I was raised in a Christian home. In 2003 I enrolled at Fairhaven Baptist College. During my last year as a student, I was engaged to John Lafreniere who was working as a youth pastor at Lighthouse Baptist Church in Waterbury, Connecticut. After several years of marriage, the Lord led John to start an independent Baptist church in his hometown of Fairfield, Connecticut. We made plans for this transition in our lives. We scheduled deputation meetings to present our burden for the need in Fairfield.
In the midst of deputation the Lord blessed us with a healthy baby boy, Elijah. Over the course of the next few months, John noticed that I was not regaining my strength like I should. Then, during an outing with friends, I had a noticeably difficult time standing up, and we knew something was not right. We knew I needed to see a doctor.
We will never forget what we were told after the doctor visit. He was very concerned and thought I had some type of motor/neuron disease. He told us it could be ALS, sometimes referred to as Lou Gehrig’s disease. I remember hearing the diagnosis and feeling my heart sink. I broke out in tears and could not help but think about my son. Then I thought about the church we planned to start. We had already raised 40 percent of our needed support through deputation. We felt helpless.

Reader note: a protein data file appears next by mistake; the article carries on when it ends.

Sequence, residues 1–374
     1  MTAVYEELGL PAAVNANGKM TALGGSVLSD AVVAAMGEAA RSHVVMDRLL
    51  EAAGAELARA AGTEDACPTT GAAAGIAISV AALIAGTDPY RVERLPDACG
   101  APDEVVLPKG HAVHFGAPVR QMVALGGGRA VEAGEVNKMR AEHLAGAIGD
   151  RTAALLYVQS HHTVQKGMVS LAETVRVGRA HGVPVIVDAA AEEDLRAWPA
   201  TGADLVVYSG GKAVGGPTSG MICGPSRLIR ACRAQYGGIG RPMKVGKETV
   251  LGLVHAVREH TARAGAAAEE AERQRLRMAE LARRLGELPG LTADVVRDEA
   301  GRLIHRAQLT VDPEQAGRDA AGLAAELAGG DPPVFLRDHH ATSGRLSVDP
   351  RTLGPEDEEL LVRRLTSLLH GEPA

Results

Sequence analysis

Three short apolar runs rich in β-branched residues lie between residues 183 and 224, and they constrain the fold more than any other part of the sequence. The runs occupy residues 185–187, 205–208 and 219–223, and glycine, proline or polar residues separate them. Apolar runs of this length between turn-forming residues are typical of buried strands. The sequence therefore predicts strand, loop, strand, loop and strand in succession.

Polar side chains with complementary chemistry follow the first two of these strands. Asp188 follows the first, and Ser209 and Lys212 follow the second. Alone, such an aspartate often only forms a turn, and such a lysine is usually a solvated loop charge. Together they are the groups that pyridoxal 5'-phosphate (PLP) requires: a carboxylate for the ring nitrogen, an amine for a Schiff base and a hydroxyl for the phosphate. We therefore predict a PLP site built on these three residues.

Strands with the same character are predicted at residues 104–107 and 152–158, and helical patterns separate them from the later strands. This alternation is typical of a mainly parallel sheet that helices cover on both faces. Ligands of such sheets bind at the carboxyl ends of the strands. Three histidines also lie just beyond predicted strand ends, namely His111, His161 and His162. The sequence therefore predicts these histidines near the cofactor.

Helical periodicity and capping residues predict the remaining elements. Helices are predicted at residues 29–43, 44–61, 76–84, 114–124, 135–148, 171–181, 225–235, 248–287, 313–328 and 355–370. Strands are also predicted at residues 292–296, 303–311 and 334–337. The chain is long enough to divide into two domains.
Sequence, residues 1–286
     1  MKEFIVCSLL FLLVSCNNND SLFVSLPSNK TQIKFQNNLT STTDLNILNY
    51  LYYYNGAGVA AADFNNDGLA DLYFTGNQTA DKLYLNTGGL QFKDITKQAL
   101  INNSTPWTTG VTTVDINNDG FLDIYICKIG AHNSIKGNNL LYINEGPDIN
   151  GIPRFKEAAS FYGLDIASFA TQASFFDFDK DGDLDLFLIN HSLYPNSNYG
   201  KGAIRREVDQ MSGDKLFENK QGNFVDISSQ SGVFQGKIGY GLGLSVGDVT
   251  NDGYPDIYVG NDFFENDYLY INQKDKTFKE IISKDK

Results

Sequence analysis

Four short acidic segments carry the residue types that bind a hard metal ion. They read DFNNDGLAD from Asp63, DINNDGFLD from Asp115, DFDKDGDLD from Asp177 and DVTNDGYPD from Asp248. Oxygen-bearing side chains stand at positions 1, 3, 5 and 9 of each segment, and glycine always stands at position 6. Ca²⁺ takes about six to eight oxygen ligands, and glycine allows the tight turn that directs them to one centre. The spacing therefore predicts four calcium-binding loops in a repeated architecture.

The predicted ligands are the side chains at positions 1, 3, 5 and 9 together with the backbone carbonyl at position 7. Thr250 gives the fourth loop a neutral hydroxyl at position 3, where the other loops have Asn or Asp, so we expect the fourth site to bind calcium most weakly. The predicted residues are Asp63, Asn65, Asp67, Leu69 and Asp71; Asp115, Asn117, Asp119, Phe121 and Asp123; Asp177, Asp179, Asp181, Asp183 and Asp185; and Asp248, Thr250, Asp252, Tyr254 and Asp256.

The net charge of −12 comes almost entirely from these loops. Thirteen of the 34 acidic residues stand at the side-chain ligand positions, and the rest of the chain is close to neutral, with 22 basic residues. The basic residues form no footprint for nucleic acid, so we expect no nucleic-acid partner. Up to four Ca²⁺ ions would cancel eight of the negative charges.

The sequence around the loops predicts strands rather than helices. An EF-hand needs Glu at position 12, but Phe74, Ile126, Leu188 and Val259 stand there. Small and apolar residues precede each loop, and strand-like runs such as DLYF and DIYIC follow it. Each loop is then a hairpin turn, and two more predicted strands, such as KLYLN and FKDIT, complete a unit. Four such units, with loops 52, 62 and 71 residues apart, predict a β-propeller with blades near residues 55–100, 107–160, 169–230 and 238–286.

After the doctors confirmed the ALS diagnosis, John and I talked. Up to this point, God’s purpose for our lives had seemed so clear and definite; but now fear, uncertainty, and the unknown overwhelmed us. Through this time God made Proverbs 3:5 real in our lives, “Trust in the Lord with all thine heart; and lean not unto thine own understanding.” John asked me about continuing with deputation and our future church plant. I remember telling him that since God had called us to Fairfield to start a church that that is what we needed to do; we should move ahead. We reminded ourselves that there are people in Fairfield who need the gospel and that there is a church that needs to be started. We determined to continue.
After hearing our story, some responded, “I don’t understand.” John and I agree; we don’t understand everything that happens in this life, but God does. While we would love to see a physical miracle, my healing might not happen until I enter heaven. I certainly won’t need my wheelchair there! The timing of my healing is up to God. In the meantime, we just want Him to get the glory.
Abby Lafreniere ('07)